Faculty

Division of Nephrology and Hypertension

 

Faculty of the Division of Nephrology and Hypertension conduct research and treat people with kidney diseases of various types, such as urinary tract infections, kidney stones, diabetes, high blood pressure, and the more advanced forms of kidney disease.

To learn more about our faculty, follow the links below to access their Georgetown University faculty profiles. If a particular faculty member doesn't have a link, their profile is currently under development and will be available shortly.

Also within the division, faculty of the Center for Hypertension, Kidney & Vascular Research investigate the mechanisms that underlie high blood pressure (hypertension), kidney and vascular (blood vessel) diseases and train the next generation of leaders in these fields.


Christopher Wilcox, MD, PhD
Chief of Nephrology and Hypertension
Director of the Center for Hypertension Research.

George E. Schreiner Chair of Nephrology

Distinguished Professor of Medicine

  • Medical Degree: Oxford University, UK, 1969
  • Ph.D: London University, UK, 1974
  • Internship: London University, UK, 1970
  • Residency: London University, 1971
  • Fellowship: London University, UK, 1973
  • Certifications: Internal Medicine, 1986; Nephrology, 1992; Certified Hypertension Specialist, 1999

Dr.Wilcox has been the Chief of the Georgetown Nephrology Division and the George E. Schreiner Professor of Nephrology since 1994. Prior to this he held professional positions at University of Florida, Harvard Medical School, Yale Medical School, University of Cambridge, and London University. He holds two NIH individual investigator RO-1 grants, one NIH program Project Grant and two NIH Small Business Investigator Research and Development Grants. Dr. Wilcox leads a group of eight full time, funded clinical and basic science faculty, who are actively publishing the latest developments in their field. He has been Chair of several NIH/NIDDK Study Sections, and is the immediate past Chair of the AHA Council of High Blood Pressure Research. He has received many national and international honors and distinguished lecturer positions. He is a mentor for many faculty and fellows of the Georgetown Nephrology and Hypertension Division.

His research is focused on the interaction between blood pressure and the kidney. His basic research entails studies of genes, cells, tissues and animal models. Currently, he is investigating the hypothesis that oxidative stress is a proximate cause of most of the diseases of the second half of life. He studies this in animal models of hypertension, kidney disease, menopause and aging using a combination of methods including isolated, perfused renal afferent, mesenteric and intracerebral arterioles from mice, and long term whole animal studies. He has developed new catalytic long-acting drugs to combat oxidative stress and validated them in his rat and mouse models. His clinical/translated research is focused on better methods to manage the complications of chronic kidney disease and hypertension. He investigates small human arterioles dissected from a skin biopsy to study the origin of vascular disease. He is developing a new extended release formulation of a diuretic that he has taken through Phase 1 clinical trials in normal subjects. He hopes to be able to test the new antioxidant drug in patients in the future.

Clinical Faculty

Serban Dragoi, MD, PhDSerban Dragoi

Associate Professor of Medicine

  • Medical Degree: Carol Davila University of Medicine and Pharmacy, Romania, 1997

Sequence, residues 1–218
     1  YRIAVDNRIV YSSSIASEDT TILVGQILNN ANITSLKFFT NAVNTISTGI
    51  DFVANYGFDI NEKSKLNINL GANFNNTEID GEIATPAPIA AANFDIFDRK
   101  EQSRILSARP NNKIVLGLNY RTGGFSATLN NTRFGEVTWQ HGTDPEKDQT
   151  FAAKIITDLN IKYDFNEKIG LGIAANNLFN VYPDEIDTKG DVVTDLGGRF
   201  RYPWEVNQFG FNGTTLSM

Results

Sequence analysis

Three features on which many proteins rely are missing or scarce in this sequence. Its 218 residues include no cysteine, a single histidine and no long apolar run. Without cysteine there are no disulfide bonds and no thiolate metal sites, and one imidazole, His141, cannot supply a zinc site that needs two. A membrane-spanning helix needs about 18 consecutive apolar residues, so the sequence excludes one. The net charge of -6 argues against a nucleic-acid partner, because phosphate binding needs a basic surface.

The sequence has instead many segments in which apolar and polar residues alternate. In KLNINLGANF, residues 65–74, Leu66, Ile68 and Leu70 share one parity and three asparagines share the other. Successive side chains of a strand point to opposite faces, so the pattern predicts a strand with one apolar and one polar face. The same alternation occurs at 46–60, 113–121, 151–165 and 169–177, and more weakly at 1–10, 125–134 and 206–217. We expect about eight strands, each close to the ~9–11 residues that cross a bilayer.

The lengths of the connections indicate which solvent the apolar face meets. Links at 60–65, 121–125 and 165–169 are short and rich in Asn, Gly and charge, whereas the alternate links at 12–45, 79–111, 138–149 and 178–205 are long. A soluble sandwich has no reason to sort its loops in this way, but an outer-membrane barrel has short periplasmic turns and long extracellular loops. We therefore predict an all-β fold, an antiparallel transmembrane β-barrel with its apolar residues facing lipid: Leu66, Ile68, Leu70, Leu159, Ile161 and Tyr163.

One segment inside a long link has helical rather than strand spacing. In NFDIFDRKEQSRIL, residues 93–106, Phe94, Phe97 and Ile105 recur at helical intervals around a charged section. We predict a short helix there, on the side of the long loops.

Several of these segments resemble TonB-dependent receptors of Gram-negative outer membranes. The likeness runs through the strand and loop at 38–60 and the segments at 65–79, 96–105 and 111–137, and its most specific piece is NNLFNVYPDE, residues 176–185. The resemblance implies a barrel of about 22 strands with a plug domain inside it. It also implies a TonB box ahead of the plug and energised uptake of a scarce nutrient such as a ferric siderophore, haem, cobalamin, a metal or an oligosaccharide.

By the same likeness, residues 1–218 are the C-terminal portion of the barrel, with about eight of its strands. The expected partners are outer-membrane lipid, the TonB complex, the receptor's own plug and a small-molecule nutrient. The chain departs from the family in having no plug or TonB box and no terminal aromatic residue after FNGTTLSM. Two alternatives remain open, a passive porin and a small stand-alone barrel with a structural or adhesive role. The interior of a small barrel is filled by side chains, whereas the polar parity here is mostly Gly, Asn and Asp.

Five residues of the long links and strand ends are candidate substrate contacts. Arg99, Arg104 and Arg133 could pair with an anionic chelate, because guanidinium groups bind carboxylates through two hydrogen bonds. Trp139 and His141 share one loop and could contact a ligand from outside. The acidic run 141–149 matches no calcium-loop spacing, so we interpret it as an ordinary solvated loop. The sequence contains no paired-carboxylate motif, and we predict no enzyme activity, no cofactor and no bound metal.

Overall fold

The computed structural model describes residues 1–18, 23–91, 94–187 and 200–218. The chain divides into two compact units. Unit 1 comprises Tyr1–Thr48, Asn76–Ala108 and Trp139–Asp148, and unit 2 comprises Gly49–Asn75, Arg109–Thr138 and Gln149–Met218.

• Residency: Internal Medicine, Yale University, 2001-2004
  • Fellowship: Nephrology, Columbia University,  2004-2006
  • Certifications: Internal Medicine, 2004; Nephrology, 2006 / 2016; Hypertension Specialist, 2009

Dr. Dragoi joined University of Missouri - Columbia Nephrology faculty as an Assistant Professor of Medicine after he completed his fellowship training.  In 2008 he joined Georgetown University - Division of Nephrology and Hypertension.  He is an Associate Professor of Medicine, actively involved in patient care, teaching, administration and research.  His special clinical interests include: all aspects of home dialysis, nephrolithiasis and glomerulonephritis.  He plays an active role in the education and training of medical students and young physicians.  Dr. Dragoi's special training and expertise was instrumental in creation of Washington DC’s first Home-Only Dialysis Program.  He currently serves as Medical Director of DaVita Grant Park Dialysis Center in Washington, DC.  His current research is focused on a novel oral C5aR inhibitor (avacopan) which could effectively and safely replace the use of high-dose glucocorticoids in patients with ANCA-associated vasculitis.

 


Judit Gordon-Cappitelli, MDJudy Gordon

Assistant Professor of Medicine

  • Medical Degree: Temple University School of Medicine, Philadelphia PA, 2005
  • Internship: Temple University School of Medicine, Philadelphia PA,2006
  • Residency: Temple University School of Medicine, Philadelphia PA, 2008
  • Fellowship: Johns Hopkins University School of Medicine, Baltimore, MD 2011
  • Certification: Internal Medicine 2008, Nephrology 2011

Dr. Gordon-Cappitelli completed her fellowship at Johns Hopkins University, where she was an instructor prior to joining Georgetown Nephrology. She enjoys patient care, teaching fellows, residents and students. She has taken a passionate interest in improving and revising the Georgetown Nephrology Fellowship curriculum and serves as Associate Fellowship Director. Her clinical interests include home dialysis modalities, CKD and hypertension management, glomerular diseases and pregnancy related hypertension and renal disease.


Michael Lipkowitz, MDDr. Lipkowitz

Clinical Director of the Nephrology and Hypertension Division
Program Director for the Nephrology Fellowship at Georgetown
Associate Professor of Medicine

  • Medical Degree: State Univerisity of NY, 1978
  • Internship: Internal Medicine, Carney Hospital, 1979
  • Residency: Internal Medicine Dorchester, Massachusetts, 1981
  • Fellowship: Nephrology, Mount Sinai School of Medicine, NY, 1984
  • Certifications: Internal Medicine, 1981; Nephrology, 1984
  • Special Interests: Hypertension, Chronic Kidney Disease, Genetics of Chronic Kidney Disease, Hypertension and Kidney Disease in Special Populations